On July 29th, the CSSLab held its inaugural Student Research Conference to share the summer progress made in the Lab’s various projects.
The Summer 2022 Student Research Conference created a space where student members of the CSSLab presented on their summer project work, something learned (about themselves, about the research world, about social science or computer science, about a methodological approach) or something built (a technology, a piece of code, a mapping process, a technique, a lit review, an idea for further exploration). Covering six unique projects, the Conference helped to connect and explain active research across the Lab.
Read on for descriptions of each project, along with links to the corresponding Conference presentations:
Part of the Lab’s work on High-Throughput Experiments on Group Dynamics, the Team Performance project aims to analyze and learn how teams collaborate, along with which factors impact their success. In the process, it is working to transform social science from the “one at a time” paradigm into a replicable, scalable, and generalizable process.
To help develop the data infrastructure for research in the Penn Media Accountability Project (PennMAP), we investigate stacking topic models as a form of unsupervised machine learning. This project tackles two key flaws: automated evaluations do not agree with human evaluations, and automated evaluations overestimate performance of neural topic models.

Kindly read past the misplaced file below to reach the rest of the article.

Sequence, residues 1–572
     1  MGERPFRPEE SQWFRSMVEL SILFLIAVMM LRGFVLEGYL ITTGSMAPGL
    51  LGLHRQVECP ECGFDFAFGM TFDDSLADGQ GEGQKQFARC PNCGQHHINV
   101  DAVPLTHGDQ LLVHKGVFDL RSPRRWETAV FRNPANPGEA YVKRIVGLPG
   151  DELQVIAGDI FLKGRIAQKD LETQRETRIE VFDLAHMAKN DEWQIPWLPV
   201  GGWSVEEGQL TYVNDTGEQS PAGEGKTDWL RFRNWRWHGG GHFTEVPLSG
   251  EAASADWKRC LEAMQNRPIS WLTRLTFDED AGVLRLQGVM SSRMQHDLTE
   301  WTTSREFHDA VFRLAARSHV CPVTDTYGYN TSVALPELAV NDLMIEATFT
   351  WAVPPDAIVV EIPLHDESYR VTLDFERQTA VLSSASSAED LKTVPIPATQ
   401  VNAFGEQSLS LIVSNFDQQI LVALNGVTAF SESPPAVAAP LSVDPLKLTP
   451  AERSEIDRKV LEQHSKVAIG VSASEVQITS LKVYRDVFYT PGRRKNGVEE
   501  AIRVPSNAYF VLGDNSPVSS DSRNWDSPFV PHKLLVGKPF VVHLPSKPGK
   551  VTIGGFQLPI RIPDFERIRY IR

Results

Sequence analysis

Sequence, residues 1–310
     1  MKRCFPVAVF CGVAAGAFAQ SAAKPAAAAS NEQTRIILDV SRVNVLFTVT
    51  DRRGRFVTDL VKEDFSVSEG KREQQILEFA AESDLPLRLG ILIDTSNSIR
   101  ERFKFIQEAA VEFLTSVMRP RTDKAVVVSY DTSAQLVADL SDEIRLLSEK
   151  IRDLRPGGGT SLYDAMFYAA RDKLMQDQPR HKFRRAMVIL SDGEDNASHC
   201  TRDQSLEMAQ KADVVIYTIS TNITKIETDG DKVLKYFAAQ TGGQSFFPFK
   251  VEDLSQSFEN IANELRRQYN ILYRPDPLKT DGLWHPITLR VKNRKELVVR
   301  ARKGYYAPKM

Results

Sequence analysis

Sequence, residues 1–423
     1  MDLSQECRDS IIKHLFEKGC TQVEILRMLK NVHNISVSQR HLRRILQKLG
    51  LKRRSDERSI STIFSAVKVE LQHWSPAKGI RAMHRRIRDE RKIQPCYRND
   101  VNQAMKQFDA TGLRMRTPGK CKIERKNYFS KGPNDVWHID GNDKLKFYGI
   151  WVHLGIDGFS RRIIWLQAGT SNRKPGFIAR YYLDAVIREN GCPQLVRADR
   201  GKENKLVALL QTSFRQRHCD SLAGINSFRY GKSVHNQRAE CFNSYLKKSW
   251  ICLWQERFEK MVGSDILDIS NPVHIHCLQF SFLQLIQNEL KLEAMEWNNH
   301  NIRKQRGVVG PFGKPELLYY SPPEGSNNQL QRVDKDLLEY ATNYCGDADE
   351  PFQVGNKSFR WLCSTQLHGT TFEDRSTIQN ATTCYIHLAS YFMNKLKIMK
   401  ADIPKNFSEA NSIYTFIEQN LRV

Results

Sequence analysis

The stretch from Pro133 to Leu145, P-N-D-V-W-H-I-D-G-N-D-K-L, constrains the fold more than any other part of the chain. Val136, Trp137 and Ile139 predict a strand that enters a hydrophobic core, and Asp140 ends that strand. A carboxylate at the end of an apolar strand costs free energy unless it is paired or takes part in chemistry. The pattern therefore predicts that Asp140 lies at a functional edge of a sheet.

Another project under the High-Throughput umbrella, Nudge Cartography is building an interactive “nudge map” that policymakers, marketers, managers, and academics seeking to motivate behavior change can use to search for candidate nudges. The goal is to make searching for appropriate nudges as easy as searching for a flight on Kayak.
The Lab’s in-progress Living Journal initiative is creating functional, public-facing resources that update in real time, subverting the old paradigm of static research and replacing it with “living papers.” The first prototype of these living papers was developed to present research on YouTube radicalization as part of PennMAP.
The COVID-19 pandemic has made apparent the need for accurate models for epidemics, and the proliferation of GPS mobility data has made studying human mobility patterns easier than ever. As part of the Lab’s COVID-Philadelphia research, this project explores the potential of collaborative filtering (CF) — a machine learning algorithm that can learn relationships between two domains.
Part of the High-Throughput series, the Deliberation project researches which interventions most reduce social polarization in deliberative groups and populations. Its short-run goal is to design and build the core infrastructure for high-throughput experiments that will power an open science platform, allowing researchers to “map” the space of possible deliberation scenarios.